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Fourth International statement on Ukraine: 'Popular movement and imperialisms'
Maidan square, Keiv, December 2013.
International Viewpoint -- This resolution was adopted at the meeting of the Fourth International Bureau on June 7, 2014.
* * *
The very deep political crisis experienced by the Ukraine since November 2013 is far from being over. In this country, following a very long national oppression (basically Polish and Russian), the process of national formation is incomplete, the nation-state is still fragile. This is all the more the case that the country is taken in hostage between Russian imperialist pressure and that of the Euro-Atlantic powers, and subject to the socially fragmenting impact of neo-liberalism.
1. From Maidan to the provisional government: a powerful popular mobilization
For three months (November 21, 2013–February 22, 2014) tens of thousands (and on some days hundreds of thousands) of people gathered in the centre of Kiev, on the Place (“Maidan”) of Independence. It was the suppression of the first protesters (“pro-European” and defending national independence) which gave the movement its massive size by late 2013, combined with a hope -- ideally associated with “Europe” -- of well-being, rejection of corruption, democracy and national sovereignty.
We stressed in February (IC resolution) the characteristics of this movement which has “presented a combination of revolutionary (democratic, anti-elitist, self- organized) and reactionary elements -- the overall outcome was and remains a question of political and social struggle. Those features are also deeply rooted in the current character of the present post-soviet Ukrainian society (atomized, without any class identity, with degradation of education and hegemony of reactionary nationalist ideas in society, combined with a legitimate commitment to national independence and the dramatic legacy of Stalinism).”
We can specify the weaknesses and limitations of Maidan:
- Despite its length, the main forms of self-organization which emerged remained limited: above all the construction, the maintenance, the defence of this rebel city of tents and barricades in the middle of winter, the organization of supplies and of health services ... teams occupied administrative buildings, a student assembly imposed notably transparency of the budget for education. “Sotnia” (companies) for self-defence were formed, of which a minority were controlled by political organizations present in the Maidan.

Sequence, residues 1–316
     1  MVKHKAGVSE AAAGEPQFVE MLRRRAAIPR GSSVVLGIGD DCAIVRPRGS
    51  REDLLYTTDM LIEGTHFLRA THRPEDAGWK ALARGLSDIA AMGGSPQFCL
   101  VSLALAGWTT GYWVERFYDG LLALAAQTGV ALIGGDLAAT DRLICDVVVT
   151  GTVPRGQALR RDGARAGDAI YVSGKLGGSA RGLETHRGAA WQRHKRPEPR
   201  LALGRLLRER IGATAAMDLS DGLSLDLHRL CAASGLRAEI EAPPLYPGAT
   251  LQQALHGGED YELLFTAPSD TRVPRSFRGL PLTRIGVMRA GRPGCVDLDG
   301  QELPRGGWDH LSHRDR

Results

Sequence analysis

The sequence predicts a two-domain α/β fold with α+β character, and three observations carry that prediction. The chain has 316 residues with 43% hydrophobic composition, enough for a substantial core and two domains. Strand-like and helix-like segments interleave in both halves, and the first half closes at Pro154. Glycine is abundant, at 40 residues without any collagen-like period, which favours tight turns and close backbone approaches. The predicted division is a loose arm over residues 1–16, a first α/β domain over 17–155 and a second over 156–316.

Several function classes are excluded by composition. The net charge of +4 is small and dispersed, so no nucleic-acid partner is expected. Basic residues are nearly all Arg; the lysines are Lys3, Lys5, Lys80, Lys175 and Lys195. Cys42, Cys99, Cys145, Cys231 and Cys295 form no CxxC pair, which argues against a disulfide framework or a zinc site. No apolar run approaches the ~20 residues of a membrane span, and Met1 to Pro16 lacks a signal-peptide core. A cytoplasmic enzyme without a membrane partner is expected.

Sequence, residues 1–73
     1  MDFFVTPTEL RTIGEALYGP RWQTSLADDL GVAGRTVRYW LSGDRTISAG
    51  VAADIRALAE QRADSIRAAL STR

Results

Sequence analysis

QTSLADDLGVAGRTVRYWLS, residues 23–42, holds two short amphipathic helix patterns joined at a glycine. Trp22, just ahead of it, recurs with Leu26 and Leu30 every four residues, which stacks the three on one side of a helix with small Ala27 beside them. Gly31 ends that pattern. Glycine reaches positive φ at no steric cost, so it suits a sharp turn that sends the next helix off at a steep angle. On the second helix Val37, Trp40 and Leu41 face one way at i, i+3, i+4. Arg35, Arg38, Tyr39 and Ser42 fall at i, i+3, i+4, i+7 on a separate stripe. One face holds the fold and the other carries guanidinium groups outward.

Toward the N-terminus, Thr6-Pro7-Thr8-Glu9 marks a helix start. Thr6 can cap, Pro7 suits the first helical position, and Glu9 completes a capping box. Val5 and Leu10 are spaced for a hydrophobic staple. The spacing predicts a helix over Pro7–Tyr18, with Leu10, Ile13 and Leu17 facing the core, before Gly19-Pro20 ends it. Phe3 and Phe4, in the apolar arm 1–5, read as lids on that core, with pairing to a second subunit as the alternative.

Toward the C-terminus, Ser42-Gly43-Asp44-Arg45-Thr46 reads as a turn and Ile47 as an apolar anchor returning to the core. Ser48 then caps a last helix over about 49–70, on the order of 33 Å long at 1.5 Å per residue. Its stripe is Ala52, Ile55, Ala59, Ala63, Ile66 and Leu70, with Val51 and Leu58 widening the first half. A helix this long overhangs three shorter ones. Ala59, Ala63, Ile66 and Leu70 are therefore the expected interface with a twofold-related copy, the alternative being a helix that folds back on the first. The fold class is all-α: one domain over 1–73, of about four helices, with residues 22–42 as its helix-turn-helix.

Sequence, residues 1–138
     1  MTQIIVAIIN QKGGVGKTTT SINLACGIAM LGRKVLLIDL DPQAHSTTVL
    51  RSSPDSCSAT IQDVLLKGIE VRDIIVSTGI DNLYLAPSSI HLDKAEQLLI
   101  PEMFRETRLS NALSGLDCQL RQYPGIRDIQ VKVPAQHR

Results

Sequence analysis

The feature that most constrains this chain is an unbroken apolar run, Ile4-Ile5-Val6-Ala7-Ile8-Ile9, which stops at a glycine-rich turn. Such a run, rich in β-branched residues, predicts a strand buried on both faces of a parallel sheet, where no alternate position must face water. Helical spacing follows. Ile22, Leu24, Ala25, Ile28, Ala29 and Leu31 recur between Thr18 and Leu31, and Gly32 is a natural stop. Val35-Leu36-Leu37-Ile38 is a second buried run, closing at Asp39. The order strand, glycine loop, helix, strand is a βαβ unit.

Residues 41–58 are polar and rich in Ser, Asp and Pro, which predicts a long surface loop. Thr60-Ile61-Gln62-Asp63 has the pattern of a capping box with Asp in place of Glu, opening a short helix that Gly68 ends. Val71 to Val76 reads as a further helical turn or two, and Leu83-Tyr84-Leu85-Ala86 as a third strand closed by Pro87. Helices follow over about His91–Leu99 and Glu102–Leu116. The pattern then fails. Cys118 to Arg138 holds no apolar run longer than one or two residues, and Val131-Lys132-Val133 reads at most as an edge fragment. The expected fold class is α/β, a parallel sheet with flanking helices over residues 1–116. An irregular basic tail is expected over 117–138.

- The movement never had any “representation” or elected spokespersons. This has facilitated its exploitation by the political parties of the opposition, including the far right party Svoboda, ranked among the “pro-Europeans” -- speaking in the name of “Euromaidan”, particularly abroad.
- The small groups of the extreme nationalist right (Pravyi Sektor and so on) vying with Svoboda played a role in the self-defence of the movement. Their evident “visibility” and their attacks against left-wing activists have been used to discredit the whole of Maidan, notably by the Russian government and media, or later by anti-Maidan components identifying with the left.
- Finally, although very diverse and sensitive to social issues (against the confiscation of public goods, corruption, inequality), the movement has not expressed social demands; it has done very little to mobilize the industrial working class, and therefore also the regions in the east and the south-east (despite a few exceptions). If strike calls (launched by the independent trade unions) have not been supported, the same is true of attempts at workers’ mobilizations against Maidan.
- Taking into account the initial themes (“pro-EU”), of the predominant organized forces of the right and fascist aggression, the very weak Ukrainian left has been very divided faced with Maidan and in Maidan: in addition to the various anarchist groups, the Socialist Movement -- Left Opposition has chosen to intervene there opposing right and extreme right ideas as a result of the social and mass democratic aspirations of the movement. By way of contrast, the organization “Borotba” (Struggle) remained outside the movement, denouncing it globally as reactionary. Located on the “left” by its label, and its social discourse, the Ukrainian CP, very much involved in the oligarchic privatizations, has sought to distinguish itself from the Party of Regions by proposing a referendum regarding the agreement with the EU; but it was discredited by its vote for the February laws criminalizing all protesters. It has propagated, like Borotba, the thesis of the “Nazi putsch”.